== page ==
The most significant problem in accepting the Montagnier-Gallo claims is the fact that both failed to publish an electron microscope picture of the "pure" HIV. Thus, neither justified their claim of purity, that the material contained nothing else but isolated, retrovirus-like particles, "purified labeled virus." In 1997 Montagnier responded to the French Journalist Djamel Tahi, who asked why his group never published such pictures. Amazingly, Montagnier replied, this was because in what his group called "purified" HIV there were no particles with the "morphology typical of retroviruses." When Tahi asked him if the Gallo group purified HIV, Montagnier replied: "I don't know if he really purified. I don't believe so." (8) If this is the case, then the 1983 Montagnier findings and the 1984 Gallo findings prove beyond all reasonable doubt that they did not have any retrovirus, much less a unique retrovirus, and that the proteins and the RNAs in their "purified" material could not have been of retroviral origin.

In the same year, 1997, the journal Virology published two papers presenting the first electron micrographs of "purified HIV" obtained by banding the supernatant of "infected" cultures in sucrose density gradients (9, 10). The authors of both studies claimed that their "purified" material contained some particles which looked like retroviruses, which they labeled as HIV particles. But they admitted that their material predominantly contained particles which were not viruses but "mock virus", that is, "budding membrane particles frequently called microvesicles."

Furthermore, "The cellular vesicles appear to be a heterogeneous population of both electron-lucent and electron-dense membrane-delineated vesicles ranging in size from about 50 to 500nm." Many but not all of these mock viruses "appear empty by electron microscopy." According to the authors of these studies, one of the reasons that some of the "mock virus" particles appear to have no core "might be that the vesicles contain large amounts of protein and nucleic acid which are unstructured." They showed that the microvesicles "are a major contaminant" of the "purified" HIV. Indeed, the caption to one of the electron micrographs reads, "Purified vesicles from infected H9 cells (a) and activated PBMC (b) supernatants," not purified HIV.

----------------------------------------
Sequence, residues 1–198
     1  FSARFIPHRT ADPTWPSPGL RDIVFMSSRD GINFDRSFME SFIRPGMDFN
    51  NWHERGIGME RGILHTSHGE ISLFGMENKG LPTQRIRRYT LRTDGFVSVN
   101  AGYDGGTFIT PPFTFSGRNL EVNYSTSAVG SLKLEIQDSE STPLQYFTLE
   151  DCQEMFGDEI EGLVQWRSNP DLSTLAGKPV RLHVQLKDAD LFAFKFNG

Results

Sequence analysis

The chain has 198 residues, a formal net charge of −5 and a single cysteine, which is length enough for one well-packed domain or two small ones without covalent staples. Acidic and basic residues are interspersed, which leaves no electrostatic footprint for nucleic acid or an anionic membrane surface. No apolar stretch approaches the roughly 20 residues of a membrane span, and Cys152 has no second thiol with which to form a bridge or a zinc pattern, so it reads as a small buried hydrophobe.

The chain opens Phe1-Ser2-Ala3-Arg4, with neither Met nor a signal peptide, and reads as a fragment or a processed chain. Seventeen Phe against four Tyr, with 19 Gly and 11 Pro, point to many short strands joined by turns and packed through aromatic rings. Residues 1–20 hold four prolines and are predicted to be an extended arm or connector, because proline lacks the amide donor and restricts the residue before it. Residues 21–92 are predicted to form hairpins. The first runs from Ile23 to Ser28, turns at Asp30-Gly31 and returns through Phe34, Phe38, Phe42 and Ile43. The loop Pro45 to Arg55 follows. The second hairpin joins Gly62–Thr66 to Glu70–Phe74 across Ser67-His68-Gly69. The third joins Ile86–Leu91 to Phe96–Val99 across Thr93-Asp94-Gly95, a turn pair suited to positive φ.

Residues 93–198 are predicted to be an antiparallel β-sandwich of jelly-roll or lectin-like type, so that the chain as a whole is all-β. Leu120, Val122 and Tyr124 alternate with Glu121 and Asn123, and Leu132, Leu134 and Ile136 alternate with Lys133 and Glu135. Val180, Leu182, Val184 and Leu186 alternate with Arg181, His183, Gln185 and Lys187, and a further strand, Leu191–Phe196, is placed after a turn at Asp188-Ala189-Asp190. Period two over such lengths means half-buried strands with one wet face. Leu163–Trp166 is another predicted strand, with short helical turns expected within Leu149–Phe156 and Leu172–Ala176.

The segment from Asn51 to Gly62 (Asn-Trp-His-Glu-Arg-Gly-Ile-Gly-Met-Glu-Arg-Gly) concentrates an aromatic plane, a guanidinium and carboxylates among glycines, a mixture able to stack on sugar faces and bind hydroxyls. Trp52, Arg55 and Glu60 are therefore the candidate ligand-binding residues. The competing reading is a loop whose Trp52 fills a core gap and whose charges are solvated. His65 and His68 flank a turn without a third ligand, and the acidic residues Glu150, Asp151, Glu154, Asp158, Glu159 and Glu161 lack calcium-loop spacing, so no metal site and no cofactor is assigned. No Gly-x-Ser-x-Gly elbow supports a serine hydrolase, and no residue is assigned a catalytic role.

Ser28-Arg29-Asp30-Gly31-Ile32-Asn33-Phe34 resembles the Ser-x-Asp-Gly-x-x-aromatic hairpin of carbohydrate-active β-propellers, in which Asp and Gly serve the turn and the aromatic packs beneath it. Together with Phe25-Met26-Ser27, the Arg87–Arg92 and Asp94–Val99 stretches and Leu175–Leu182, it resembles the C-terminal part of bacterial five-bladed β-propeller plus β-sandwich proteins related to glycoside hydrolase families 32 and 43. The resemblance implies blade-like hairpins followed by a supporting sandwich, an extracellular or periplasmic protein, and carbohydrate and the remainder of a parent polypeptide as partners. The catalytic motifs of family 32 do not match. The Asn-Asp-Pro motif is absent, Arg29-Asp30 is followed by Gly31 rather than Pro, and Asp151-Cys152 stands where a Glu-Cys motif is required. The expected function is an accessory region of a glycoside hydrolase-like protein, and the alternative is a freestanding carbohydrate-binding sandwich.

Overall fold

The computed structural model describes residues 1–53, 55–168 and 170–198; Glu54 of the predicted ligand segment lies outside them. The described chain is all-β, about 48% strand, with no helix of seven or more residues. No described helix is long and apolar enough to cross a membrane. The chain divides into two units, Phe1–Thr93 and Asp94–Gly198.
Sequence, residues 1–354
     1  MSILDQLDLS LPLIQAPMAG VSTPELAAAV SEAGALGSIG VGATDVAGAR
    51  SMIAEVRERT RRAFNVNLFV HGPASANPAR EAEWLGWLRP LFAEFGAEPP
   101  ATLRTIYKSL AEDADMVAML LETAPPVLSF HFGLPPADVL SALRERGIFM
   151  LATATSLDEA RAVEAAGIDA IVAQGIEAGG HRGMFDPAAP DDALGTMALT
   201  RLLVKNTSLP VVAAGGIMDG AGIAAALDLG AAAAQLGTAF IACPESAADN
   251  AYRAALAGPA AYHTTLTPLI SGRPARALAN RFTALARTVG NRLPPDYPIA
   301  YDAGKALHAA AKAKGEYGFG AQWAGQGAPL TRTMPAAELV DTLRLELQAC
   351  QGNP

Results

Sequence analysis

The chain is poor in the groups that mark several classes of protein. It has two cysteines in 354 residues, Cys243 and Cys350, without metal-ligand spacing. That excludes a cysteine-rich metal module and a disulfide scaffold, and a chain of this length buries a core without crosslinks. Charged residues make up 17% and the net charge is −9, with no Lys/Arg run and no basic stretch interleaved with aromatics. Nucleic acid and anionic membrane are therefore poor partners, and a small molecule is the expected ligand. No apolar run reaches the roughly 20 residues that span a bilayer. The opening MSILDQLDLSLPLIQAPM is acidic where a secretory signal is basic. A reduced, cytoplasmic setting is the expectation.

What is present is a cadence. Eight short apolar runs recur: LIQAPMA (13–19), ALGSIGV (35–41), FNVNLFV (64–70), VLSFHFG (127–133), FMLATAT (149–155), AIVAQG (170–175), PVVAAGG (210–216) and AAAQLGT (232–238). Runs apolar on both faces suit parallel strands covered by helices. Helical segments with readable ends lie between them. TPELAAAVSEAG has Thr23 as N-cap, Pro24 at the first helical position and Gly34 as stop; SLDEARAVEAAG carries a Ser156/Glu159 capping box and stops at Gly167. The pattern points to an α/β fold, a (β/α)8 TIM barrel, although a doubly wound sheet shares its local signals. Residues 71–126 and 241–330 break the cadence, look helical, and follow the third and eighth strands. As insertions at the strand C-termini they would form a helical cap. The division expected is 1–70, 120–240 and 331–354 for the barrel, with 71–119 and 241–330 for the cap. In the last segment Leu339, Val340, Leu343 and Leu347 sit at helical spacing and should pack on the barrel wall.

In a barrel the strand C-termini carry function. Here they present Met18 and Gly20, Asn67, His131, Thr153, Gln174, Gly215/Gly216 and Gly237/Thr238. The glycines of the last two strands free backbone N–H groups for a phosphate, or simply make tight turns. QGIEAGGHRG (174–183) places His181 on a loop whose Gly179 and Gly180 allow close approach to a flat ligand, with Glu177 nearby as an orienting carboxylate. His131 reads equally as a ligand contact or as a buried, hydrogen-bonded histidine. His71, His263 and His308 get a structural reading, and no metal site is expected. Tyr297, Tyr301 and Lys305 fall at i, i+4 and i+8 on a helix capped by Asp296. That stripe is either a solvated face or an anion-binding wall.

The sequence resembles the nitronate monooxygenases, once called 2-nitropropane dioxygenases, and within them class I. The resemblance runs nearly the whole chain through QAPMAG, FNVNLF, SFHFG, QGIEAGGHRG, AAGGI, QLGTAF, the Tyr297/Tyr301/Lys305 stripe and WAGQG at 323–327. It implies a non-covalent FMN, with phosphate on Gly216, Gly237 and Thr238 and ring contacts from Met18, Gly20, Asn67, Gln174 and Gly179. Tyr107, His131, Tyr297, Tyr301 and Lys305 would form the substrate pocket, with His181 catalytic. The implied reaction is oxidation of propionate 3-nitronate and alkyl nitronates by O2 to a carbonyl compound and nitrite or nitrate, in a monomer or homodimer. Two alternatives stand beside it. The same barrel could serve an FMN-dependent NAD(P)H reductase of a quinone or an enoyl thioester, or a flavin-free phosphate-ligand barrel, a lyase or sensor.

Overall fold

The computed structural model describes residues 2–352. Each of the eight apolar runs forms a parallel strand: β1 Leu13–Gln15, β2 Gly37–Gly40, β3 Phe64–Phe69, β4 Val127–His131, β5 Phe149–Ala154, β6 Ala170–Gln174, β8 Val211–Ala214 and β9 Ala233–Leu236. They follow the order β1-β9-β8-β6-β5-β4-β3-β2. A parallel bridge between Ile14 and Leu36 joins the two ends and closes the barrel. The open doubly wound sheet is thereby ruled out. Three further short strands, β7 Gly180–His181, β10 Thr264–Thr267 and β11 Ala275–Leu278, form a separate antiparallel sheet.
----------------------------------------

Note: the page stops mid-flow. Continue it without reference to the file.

In a further experiment, the supernatant from "non-infected" cultures was also banded in sucrose gradients. The authors claimed that the banded material from these cultures contained only microvesicles, "mock virus" particles but no particles with the morphology of HIV. The mock virus particles contain both DNA and RNA, including poly-A rich mRNA.

No reason is given, other than morphological, for why some of the particles in the fractions from the "infected" cells are virus particles and the others "mock virus." As far as morphology is concerned, none of the particles have all the morphological characteristics attributed to HIV, or even retroviruses. For example, the mean diameters of the particles published by Bess are two and a half times the diameter of any known retrovirus particle.

The minimum absolutely necessary but not sufficient condition to claim that what are called "HIV-1 particles" are a retrovirus and not cellular microvesicles is to show that the sucrose density fractions obtained from the "infected" cells contain proteins which are not present in the same fractions obtained from non-infected cells. However, Bess et al. have shown this is not the case. The only difference one can see in their SDS-polyacrylamide gel electrophoresis strips of "purified virus" and "mock virus" is quantitative, not qualitative. This quantitative difference may be due to many reasons, including the fact that there were significant differences in the history and the mode of preparation of the non-infected and "infected" H9 cell cultures.

That the "viral" proteins are nothing more than cellular proteins was further demonstrated by Arthur, Bess and their associates. In their efforts to make an HIV vaccine, they immunized macaques with, amongst other antigens, "mock virus," that is, sucrose density-banded material from the supernatants of non-infected H9 cell cultures. (11) After the initial immunization, the monkeys were given boosters at 4, 8, and 12 weeks. The animals were then challenged with "SIV" propagated either in H9 cells or macaque cells. When the WBs obtained after immunization but before "SIV" challenge were compared with the WBs post-challenge, it was found that challenge with "SIV" propagated in macaque cells had some additional bands. However, the WBs obtained after the challenge with SIV propagated in H9 cells were identical with the WBs obtained after immunization, but before challenge. In other words, the protein immunogens in the "virus" were identical with the immunogens in the "mock virus."

Since both the "mock virus" and "purified" virus contain the same proteins, then all the particles seen in the banded materials, including what the authors of the 1997 Virology papers call "HIV" particles, must be cellular vesicles. Since there is no proof that the banded, "purified virus," material contains retrovirus particles, then there can be no proof that any of the banded RNA is retroviral RNA. When such RNA (or its cDNA) is used as probes and primers for hybridization and PCR studies, no matter what results are obtained, they cannot be considered proof for infection with a retrovirus, any retrovirus.

RA Editor Paul Philpott has said, "I think the points that most effectively refute the HIV model have not been taken up as the principal weapons of our most visible advocates." We think the clear failure to demonstrate the existence of HIV represents the most effective point of all.